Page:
Running Heads

From the editors of Cascade Books and Pickwick Publications at Wipf and Stock Publishers

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The Art of Book Titling

With so many books available, the deft titling of a book is more necessary than ever to help a book get possible consideration for buying—and reading. We let authors take the lead on the titling of their books, so perhaps it’s worthwhile to offer a few thoughts on effective titling.

Though evocative titles are nice and in many ways appealing, it’s more important to be straightforwardly descriptive of your book’s subject. Even clever evocative titles don’t say a lot, at least immediately,   about what a book  covers.  And in the day of declining brick-and-mortar bookstores, readers do a lot of their bookfinding by performing online (and especially Amazon) searches. So having key words in a title (especially) and a subtitle (secondarily) is important. When trying to arrive at a title, think about a one-sentence summary of your book and its content. Then work back from there to devise a shorter, smoother title. If you can be evocative and descriptive, great. But remember that the descriptive element is essential. For example, John Bright’s classic The Kingdom of God is a straightforward, purely descriptive title. And anyone  wanting to read on research on the kingdom of God will easily find the book in an Amazon search. For a title that’s both evocative or clever and descriptive, I’ve long been impressed with Gordon Fee’s and Douglas Stuart’s How to Read the Bible for All Its Worth. It’s clear in what the book’s about, but also has the nice play on the layers of “worth.”

A second consideration is keeping a title short. I’d say no more than five or six words maximum, and only one to three words is always nice. A wordy title is offputting. It subtly (or not so subtly) communicates to the potential reader that the author has trouble with concise expression. Design wise, it clutters the cover. And a long title is  rarely memorable. When working on a title, keep paring it down until you get it to as few words as possible.

One more thought: there’s a difference between a good working title and a good final title. It’s a good idea to have a working title that aids you in writing your book, a kind of touchstone you can go back to as you’re making decisions while you’re composing. In this sense, a solid working title may be clunky and may be long, but is something that can remind you of your central focus and what you’re trying to do with the book. A good final title, on the other hand, should not be long and should indicate the subject of your book, but not fill it out as much as a working title may. So don’t get stuck on a working title. Have it serve its purpose, then let it go. The final, published title needs to be short, preferably punchy, and appealing—as well as, first and foremost, descriptive of your book.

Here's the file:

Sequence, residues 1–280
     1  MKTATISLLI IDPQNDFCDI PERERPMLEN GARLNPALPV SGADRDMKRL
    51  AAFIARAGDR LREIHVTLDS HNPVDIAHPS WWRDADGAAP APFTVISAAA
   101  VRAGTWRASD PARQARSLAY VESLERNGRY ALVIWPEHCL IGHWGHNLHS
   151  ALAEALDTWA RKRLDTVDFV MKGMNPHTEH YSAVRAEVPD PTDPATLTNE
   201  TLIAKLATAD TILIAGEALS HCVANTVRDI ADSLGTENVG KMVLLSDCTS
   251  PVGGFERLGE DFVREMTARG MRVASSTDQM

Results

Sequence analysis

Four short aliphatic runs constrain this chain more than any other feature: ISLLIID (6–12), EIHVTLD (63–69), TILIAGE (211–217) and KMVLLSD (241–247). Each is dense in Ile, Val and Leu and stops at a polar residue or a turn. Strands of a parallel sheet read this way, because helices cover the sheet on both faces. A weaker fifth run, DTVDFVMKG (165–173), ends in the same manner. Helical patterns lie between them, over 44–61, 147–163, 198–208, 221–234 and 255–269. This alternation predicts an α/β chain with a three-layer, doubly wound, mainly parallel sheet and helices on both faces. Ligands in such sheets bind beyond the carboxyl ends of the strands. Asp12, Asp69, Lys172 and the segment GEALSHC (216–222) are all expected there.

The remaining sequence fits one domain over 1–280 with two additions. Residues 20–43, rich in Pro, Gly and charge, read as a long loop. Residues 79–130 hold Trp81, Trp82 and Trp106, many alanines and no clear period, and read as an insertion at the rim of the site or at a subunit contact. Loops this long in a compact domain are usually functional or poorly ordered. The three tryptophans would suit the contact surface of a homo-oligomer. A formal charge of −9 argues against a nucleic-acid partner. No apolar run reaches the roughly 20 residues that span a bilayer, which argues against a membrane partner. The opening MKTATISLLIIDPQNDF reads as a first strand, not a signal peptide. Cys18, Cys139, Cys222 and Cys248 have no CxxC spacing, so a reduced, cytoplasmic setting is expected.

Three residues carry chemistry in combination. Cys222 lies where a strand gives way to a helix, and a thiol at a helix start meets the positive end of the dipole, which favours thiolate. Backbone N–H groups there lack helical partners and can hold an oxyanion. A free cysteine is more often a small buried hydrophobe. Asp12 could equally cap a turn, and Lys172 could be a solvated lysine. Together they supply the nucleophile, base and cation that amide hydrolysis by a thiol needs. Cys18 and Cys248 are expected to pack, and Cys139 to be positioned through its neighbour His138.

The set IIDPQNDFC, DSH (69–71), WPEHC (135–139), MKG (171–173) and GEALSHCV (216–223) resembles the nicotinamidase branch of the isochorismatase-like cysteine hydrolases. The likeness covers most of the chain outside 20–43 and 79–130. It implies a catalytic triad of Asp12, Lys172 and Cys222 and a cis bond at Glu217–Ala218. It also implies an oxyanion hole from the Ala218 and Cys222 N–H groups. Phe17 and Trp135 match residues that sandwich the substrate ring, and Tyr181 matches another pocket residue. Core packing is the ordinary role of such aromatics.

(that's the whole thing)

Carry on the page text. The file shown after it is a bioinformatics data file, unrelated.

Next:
And put that way, it’s not wonder titling is such hard work, trying to do so much with a few words.



Christian Decline as Return to (Marginal) Strength

Three stories/posts making the rounds yesterday came together for me, oddly enough as you’ll see, as a picture of hope for the future of Christianity in America.


The first was not a single story but rather a whole series of news articles and blog posts about the new Pew survey on “American’s Changing Religious Landscape.” One of the key findings of the study is that the percentage of Christians is declining in America. Released but three days ago, there’s no shortage of commentary on what the survey results mean. Though the survey results are fresh, the decline is nothing new, nor is the tendency to respond to the trend line as bad news. Back in November, Michael Lipka of the Pew Research Center reported that approximately two thirds of American Protestants and Catholics view “religion’s waning influence” as “a bad thing.” Even 30% of the “unaffiliated” considered the development “a bad thing.”


Jason Byassee, a good friend from graduate school, lured me into reading a lovely post at the Ekklesia Project lectionary blog by declaring on Facebook about its author: “I nominate Kyle Childress for best preacher and storyteller on the planet.” Childress, pastor of Austin Heights Baptist Church in Nacogdoches, Texas, reflects in “Two Christianities” about the difficulty of interpreting the high priestly prayer of John 17:6–19—the centerpiece of which reads, “Holy Father, protect them in your name that you have given me, so that they may be one, as we are one”—in the midst of his local context in which some well-meaning Christian folk arm themselves for a zombie apocalypse, and others think their Governor wise for summoning the Texas State Guard to keep an eye on the “Jade Helm” military training exercises out of fear that Obama really might be planning to invade the state and intern folk in empty Wal Marts. Childress hardly feels at one with these Christians, nor with the Christians who recently gathered for the National Day of Prayer in a local park to sing “God Bless America” and denounce various trends that they see at the root of a declining America. Childress pointed out that the National Day of Prayer gatherings are typically all-white audiences entirely distinct from the folk who turned out for the Martin Luther King Day celebration just a few months prior.